Black Marlin




Target Black Marlin

By trolling and drifting large live bait in roughly 300′ depths. Focusing passes over subsea rocks known to attract Black Skipjack. 

Ideal bait? Black Skipjack

What we commonly call Bonito, the predominate forage fish.  Frigate Mackerel, we call Torpedo, look like small Bonito, but smaller more delicate. Torpedo get many, many bites.   Not as common but very effective, are regular Skipjack Tuna.  Rainbow Runners are good bait especially when fishing near Isla Jicaron, as well as Jack Crevalle and snappers. Yellowfin Tuna work, smaller the better I think.  Drifting chunks of Bonito get Black Marlin bites even. 


 Black Marlin are sit and wait predators basically

 Sit and wait predators generally all have white meat. Blacks have beautiful white meat. I think they move in, choose their spots  and wait for good opportunities to  present themselves.  Same as other white meat fish like,  snappers, wahoo & groupers  when on feeding grounds. I think it’s very important to keep this in mind when trying to trick a Black Marlin into eating your bait.



I like to think of my Black Marlin spots as fishing holes

 Like a trout hole, bass hole…wahoo spot for example. I don’t want to disturb a fishing hole with unnecessary disruptions. Any fish get wise to your actions after a while on the same spot.  A few good passes down cross current to a honey hole and I like to troll away from that spot, fish over  to another other nearby bait holding  rocks, then back to the honey hole again. Keeping a good eye on the bait or even holding the line to perceive when it’s getting nervous.  If a bait is obviously very nervous and nothing has taken it. It could be, a marlin is near. In this case, maybe put the boat in neutral a few minutes and let the bait swim freely down to where it gets bit.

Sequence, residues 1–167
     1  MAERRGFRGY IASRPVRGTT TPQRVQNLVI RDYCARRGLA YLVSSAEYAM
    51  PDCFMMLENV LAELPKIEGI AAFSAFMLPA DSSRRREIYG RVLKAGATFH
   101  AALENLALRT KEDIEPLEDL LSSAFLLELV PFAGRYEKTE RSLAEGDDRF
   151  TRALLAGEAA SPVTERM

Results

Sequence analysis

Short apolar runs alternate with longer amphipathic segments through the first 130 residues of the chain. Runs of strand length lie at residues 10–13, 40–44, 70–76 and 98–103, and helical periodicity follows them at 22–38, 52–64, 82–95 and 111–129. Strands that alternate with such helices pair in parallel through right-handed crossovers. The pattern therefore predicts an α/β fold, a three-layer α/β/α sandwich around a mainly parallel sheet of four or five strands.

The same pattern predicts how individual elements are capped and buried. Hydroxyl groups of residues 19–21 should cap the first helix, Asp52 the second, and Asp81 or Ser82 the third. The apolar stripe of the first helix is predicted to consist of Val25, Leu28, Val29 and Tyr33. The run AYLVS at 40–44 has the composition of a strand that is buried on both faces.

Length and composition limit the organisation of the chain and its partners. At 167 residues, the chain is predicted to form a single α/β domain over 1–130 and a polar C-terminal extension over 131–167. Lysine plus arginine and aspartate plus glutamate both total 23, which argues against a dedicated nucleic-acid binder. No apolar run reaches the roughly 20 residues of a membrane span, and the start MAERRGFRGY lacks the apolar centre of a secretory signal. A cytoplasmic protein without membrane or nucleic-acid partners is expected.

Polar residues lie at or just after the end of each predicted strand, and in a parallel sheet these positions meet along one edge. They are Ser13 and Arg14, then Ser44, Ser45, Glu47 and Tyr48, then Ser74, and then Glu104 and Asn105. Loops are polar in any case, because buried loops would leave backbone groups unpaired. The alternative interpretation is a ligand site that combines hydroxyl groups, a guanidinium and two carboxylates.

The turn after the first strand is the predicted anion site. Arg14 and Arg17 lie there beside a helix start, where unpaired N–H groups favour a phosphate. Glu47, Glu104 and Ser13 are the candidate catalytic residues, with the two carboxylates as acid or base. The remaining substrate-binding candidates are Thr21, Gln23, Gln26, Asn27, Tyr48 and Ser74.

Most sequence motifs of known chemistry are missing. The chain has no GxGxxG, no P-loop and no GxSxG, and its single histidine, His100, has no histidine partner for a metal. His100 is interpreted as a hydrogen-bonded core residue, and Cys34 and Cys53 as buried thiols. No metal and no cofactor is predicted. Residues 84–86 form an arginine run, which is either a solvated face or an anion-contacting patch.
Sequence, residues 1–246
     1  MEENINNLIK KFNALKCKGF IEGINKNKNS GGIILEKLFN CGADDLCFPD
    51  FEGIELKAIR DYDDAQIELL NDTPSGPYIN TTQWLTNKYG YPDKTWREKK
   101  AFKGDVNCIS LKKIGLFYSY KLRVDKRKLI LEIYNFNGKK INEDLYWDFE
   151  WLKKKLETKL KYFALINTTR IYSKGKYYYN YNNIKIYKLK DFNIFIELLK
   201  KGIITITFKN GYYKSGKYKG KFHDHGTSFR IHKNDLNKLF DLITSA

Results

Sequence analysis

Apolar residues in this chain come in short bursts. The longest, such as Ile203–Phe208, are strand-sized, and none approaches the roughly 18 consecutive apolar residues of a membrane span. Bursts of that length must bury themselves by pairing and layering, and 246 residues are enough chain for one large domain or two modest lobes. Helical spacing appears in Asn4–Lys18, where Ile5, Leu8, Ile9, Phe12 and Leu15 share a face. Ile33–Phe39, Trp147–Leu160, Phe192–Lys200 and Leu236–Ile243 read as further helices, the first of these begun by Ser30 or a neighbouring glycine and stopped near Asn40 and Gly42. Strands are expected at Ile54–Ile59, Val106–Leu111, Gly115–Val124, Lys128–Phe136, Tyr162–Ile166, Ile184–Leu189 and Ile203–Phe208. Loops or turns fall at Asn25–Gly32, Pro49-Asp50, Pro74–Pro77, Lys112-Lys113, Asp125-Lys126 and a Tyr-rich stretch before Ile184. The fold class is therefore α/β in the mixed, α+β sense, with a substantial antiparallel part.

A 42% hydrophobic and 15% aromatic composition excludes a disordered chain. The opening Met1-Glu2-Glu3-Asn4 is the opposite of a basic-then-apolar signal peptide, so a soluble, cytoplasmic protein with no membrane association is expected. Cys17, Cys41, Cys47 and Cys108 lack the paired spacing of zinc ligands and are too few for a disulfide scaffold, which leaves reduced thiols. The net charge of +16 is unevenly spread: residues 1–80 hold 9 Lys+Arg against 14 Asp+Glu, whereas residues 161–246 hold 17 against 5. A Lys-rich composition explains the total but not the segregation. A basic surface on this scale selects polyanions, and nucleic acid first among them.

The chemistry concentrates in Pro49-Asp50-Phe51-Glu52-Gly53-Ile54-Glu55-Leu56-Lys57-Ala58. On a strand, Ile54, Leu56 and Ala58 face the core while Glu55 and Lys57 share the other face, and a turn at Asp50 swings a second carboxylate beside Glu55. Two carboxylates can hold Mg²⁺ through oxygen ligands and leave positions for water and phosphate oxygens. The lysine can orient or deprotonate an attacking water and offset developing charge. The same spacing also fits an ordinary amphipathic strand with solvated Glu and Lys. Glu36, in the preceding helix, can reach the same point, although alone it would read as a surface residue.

Often while slow trolling, I’ll take the boat out of gear when a bite is taking place. We give it a long drop back, careful not to apply undue drag on the line as it pays out. When the time feels right, you will push the drag lever to strike and let the line come tight on it’s own.  As the line tightens up and begins to pay out at strike, push the drag further toward to full and make sure the hook is going to pull into the jaw bone solidly.  Often, incredibly the fish doesn’t seem to know it’s hooked yet. Often a Black Marlin will just sit there.  With the rod bent over I might put the engines in gear, slowly forward. Carefully return the drag to strike, when the action starts.


 Black Marlin come close into shallower water.  Blue Marlin won’t. This one took a ballyhoo set for wahoo in only 90 feet of water , a mile off a white beach; on the lee side of Isla Coiba, far from open ocean.  You could never expect a Blue Marlin in here.                                          



black marlin

This beautiful Black Marlin took a Panama Bait, made from Bonito belly while  in 150 feet near Isla Coiba.




Black Marlin pectoral fins won’t fold in, they are rigid. Blue’s pec fins fold in easy.


Fairly big one, getting cut loose by it’s angler




Black Marlin catching aboard the Joker is a reasonable bet on the Hannibal Bank

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